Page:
Skip to Content

A Counselor’s Tale


Even first-year educators have rights



Back to In Your Corner

Guidance counselor Jean Maynard knew she was in trouble when her principal told her she needed to reschedule her evaluation meeting so her union rep could be there. The only reason the principal would want a union rep present was to satisfy the contract requirement of union representation at a meeting involving discipline.

“I was a nervous wreck. I thought, ‘What have I done?’” she recalls. “I was expecting bad news going. But I didn’t expect her to end my career.”

That, however, is what the principal tried to do. Maynard was a first-year counselor with very few rights, and the principal announced she was being terminated.

There had been no warning, no feedback, no probation.

But Maynard did have some recourse. The contract did not require a principal to justify terminating a non-tenured educator, but it spells out rules for observations and feedback. Union leaders found nearly a dozen violations in the way the principal had behaved, and Maynard decided to fight.

Why had matters come to this pass? Maynard’s not sure, but they had clashed over student rights to privacy. “She wanted to watch me counseling students,” Maynard recalls. “One time, I was counseling a student who was in trouble with her, and she walked in and sat down to listen. Afterwards, I told her that might ruin my credibility with the student, and she got very defensive about it.”

But the superintendent backed his administrator, and the local school board backed their superintendent, so the union took the case to arbitration—and won. The arbitrator agreed that the principal violated the evaluation rules in the contract.

If the evaluation had been conducted properly, the principal would not have needed to defend her decision to fire Maynard—first-year educators don’t have that protection. But since she fired Maynard on the basis of a faulty evaluation, the arbitrator ordered the district to put Maynard back in her job.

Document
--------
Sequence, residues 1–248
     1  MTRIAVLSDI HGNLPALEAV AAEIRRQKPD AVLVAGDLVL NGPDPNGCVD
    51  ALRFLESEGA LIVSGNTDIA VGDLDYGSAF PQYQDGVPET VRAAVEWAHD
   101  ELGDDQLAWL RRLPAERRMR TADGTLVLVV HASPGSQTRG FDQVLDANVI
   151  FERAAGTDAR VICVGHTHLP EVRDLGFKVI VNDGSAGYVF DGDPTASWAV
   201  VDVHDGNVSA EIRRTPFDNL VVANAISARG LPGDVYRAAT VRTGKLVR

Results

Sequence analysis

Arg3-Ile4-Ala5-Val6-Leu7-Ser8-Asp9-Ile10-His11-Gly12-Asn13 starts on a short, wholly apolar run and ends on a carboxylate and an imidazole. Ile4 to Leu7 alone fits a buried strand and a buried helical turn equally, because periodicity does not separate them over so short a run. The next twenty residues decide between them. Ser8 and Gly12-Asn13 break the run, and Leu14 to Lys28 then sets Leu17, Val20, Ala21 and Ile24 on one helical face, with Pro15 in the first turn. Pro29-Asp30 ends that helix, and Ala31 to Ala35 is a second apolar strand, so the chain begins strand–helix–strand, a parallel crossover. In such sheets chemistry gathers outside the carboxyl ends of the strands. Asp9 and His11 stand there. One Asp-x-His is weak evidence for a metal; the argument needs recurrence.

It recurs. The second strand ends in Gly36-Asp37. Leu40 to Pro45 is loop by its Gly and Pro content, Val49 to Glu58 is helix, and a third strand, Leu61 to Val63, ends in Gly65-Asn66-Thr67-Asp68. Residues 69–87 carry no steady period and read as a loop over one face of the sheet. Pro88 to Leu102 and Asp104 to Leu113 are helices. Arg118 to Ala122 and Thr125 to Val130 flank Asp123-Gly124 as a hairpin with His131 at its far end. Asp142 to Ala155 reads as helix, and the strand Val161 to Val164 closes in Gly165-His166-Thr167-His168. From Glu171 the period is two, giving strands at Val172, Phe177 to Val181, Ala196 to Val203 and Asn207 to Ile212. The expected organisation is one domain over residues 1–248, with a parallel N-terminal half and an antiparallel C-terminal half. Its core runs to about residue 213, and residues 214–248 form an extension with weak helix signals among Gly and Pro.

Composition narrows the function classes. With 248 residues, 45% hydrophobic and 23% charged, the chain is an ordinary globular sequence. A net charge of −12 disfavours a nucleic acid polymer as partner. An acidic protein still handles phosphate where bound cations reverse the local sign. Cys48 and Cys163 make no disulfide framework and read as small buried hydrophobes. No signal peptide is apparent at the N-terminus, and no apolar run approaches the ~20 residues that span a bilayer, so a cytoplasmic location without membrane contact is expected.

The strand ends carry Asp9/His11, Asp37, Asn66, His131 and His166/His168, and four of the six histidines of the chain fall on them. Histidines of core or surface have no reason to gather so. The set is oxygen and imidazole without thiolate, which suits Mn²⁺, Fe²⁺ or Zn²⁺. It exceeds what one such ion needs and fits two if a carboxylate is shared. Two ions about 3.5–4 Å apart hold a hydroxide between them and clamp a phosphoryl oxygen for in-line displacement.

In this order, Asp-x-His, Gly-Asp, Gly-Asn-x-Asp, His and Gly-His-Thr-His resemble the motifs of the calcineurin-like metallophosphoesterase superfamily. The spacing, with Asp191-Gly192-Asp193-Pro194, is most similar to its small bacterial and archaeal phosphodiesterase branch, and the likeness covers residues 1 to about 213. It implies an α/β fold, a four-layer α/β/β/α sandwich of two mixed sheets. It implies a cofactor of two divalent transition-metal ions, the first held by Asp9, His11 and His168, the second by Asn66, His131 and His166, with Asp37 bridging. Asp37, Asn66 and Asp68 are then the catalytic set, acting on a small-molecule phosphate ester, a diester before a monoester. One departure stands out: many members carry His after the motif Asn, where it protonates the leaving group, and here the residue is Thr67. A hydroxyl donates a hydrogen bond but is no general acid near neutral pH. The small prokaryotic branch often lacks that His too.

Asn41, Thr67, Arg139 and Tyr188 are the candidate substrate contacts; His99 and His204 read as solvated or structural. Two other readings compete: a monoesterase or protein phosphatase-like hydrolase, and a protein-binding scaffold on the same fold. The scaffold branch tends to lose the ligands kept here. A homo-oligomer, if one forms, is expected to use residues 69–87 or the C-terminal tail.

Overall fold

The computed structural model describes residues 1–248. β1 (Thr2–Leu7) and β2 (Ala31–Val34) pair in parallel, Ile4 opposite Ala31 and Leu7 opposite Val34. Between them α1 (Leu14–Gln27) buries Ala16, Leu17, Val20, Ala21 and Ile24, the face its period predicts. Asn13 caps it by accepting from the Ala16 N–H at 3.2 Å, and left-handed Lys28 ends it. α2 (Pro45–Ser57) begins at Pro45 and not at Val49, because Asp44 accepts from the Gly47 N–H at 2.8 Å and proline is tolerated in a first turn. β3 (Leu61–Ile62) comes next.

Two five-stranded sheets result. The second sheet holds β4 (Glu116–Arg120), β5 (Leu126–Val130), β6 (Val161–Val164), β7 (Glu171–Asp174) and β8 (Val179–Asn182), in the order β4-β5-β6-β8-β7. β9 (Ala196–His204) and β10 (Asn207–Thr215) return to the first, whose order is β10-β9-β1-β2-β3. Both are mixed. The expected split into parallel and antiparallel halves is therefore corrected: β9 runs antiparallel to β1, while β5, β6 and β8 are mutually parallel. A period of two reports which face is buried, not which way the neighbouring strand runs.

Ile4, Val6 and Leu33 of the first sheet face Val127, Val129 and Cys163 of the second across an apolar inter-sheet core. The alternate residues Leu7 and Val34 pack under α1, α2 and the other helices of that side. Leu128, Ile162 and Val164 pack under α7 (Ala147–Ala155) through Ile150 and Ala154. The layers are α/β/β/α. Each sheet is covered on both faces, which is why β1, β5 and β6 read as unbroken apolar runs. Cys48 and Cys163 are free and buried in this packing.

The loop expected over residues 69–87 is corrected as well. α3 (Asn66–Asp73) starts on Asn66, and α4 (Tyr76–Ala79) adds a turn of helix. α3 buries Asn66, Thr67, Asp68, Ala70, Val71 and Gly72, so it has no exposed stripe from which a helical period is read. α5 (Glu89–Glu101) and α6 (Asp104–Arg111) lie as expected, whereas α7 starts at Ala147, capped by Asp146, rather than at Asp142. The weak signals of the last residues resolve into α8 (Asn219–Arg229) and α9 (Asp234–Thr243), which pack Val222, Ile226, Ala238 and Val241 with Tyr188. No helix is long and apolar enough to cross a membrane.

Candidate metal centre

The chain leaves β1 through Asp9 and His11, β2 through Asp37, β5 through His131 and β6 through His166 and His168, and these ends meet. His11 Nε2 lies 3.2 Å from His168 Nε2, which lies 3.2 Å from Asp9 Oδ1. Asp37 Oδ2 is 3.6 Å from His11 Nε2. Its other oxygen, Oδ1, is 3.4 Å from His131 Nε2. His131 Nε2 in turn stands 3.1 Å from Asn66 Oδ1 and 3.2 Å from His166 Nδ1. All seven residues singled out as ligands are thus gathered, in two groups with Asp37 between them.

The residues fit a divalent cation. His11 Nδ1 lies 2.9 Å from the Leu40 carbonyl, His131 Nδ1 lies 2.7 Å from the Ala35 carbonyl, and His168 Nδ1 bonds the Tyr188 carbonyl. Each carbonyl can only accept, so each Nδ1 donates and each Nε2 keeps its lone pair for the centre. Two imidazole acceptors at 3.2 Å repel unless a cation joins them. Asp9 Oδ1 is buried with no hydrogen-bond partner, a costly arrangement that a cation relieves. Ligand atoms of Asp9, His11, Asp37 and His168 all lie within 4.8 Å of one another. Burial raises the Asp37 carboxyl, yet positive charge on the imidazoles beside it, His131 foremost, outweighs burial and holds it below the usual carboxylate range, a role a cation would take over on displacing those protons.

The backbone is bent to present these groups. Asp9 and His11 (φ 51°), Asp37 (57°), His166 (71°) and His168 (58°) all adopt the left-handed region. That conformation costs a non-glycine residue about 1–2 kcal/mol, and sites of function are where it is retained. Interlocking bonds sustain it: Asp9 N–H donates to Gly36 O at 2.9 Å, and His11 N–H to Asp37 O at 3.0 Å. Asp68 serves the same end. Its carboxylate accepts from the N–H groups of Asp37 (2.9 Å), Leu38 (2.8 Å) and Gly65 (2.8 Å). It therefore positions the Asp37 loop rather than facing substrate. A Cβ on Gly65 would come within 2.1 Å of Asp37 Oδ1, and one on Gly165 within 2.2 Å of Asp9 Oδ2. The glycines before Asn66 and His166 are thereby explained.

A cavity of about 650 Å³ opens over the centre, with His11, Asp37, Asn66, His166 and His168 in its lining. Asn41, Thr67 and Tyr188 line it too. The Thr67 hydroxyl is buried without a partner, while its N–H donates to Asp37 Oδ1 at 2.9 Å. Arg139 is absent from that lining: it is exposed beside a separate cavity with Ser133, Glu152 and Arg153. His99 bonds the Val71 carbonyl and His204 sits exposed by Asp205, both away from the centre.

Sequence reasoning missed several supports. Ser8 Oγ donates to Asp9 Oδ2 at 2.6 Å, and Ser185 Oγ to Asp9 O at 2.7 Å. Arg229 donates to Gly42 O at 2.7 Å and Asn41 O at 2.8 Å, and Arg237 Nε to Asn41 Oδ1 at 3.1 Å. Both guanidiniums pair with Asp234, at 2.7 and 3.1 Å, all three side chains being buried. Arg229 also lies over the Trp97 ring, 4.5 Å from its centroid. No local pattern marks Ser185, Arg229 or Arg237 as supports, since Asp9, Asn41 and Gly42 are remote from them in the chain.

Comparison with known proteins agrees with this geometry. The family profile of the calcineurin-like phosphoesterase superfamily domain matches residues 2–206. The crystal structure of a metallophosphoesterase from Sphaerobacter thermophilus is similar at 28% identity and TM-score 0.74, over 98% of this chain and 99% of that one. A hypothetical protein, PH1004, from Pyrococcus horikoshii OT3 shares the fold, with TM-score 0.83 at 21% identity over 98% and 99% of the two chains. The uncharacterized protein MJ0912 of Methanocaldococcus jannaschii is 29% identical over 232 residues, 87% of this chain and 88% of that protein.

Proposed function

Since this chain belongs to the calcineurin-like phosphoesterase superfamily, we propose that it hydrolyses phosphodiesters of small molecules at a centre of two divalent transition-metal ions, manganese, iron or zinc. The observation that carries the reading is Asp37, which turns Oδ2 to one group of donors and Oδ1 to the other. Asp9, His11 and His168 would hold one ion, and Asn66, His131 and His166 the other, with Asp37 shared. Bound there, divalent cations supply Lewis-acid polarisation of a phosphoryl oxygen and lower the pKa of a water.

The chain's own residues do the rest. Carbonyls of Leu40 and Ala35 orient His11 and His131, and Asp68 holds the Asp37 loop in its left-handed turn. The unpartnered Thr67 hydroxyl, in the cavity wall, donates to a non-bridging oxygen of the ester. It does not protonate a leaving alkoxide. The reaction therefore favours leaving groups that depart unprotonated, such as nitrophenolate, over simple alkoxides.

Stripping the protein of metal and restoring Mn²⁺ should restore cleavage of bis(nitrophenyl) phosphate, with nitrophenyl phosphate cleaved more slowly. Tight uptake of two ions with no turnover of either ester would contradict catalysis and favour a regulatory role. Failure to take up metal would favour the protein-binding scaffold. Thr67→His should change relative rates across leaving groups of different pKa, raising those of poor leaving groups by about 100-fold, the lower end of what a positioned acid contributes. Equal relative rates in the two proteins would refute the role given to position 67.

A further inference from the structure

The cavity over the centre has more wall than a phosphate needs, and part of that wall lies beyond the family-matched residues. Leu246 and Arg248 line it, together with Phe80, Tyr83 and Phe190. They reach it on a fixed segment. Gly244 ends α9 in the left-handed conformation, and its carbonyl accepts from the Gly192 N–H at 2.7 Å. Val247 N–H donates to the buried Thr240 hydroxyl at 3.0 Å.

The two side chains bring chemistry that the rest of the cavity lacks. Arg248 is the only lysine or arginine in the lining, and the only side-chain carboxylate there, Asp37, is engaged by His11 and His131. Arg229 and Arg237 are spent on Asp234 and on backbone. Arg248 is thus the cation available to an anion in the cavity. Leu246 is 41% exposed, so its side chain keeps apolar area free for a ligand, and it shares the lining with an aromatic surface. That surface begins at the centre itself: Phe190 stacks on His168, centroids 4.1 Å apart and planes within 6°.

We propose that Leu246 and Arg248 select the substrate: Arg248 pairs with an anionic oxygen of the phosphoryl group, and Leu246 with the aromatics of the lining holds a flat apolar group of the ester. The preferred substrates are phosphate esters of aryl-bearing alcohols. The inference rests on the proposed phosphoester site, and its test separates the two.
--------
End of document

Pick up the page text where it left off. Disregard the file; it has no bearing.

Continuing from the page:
The school board went to court, trying to overturn the ruling, and the case dragged on for two years.

Meanwhile, Maynard, a single mother with three children, was out of a job. “I applied for several openings, but every time I got to the question about why I left my old job, I couldn’t lie. I said I had a ‘difference of philosophy’ with my administrator. That’s not a real good answer when you’re trying to get hired at a school system.”

Fortunately, Maynard was a second career educator. She had spent years as a public assistance case worker, going to hospitals to help people who didn’t have health insurance figure out their options. Finally, interviewing for a job in a related field, she ran into someone she had worked with. Her former colleague knew firsthand how effective she was. Half a year after being fired as a counselor, Maynard was employed again.

Eighteen months later, the verdict came in.

By then, both the superintendent and the principal were gone. The principal, says Maynard,had made life miserable for many other people. They were quitting left and right—victims every year. Finally, some teachers went to the school board and presented them with evidence that she had been lying. I heard she was told she could leave on her own with a favorable recommendation, or they would let her go without a recommendation. She chose to go. She got into the same kind of trouble in her next job and now she’s left the country.”

Maynard, though, is back at work in the same school, with a new principal. “It was his first job as a principal, and I was still new as a counselor—we hit it off and learned together.”

But it took a long time for Maynard to recover. “For the first two years, every time I got an email from him saying, ‘Stop in and see me,’ I’d get that fluttering in my stomach. That’s what it did to my confidence.”

But she got a string of glowing evaluations, and now she has tenure—“That was a relief!”—and she finally knows she did the right thing in deciding to work with children. “Sometimes it’s difficult,” she says. “The kids aren’t getting any easier and their families aren’t, either, but I love it.”

Back to In Your Corner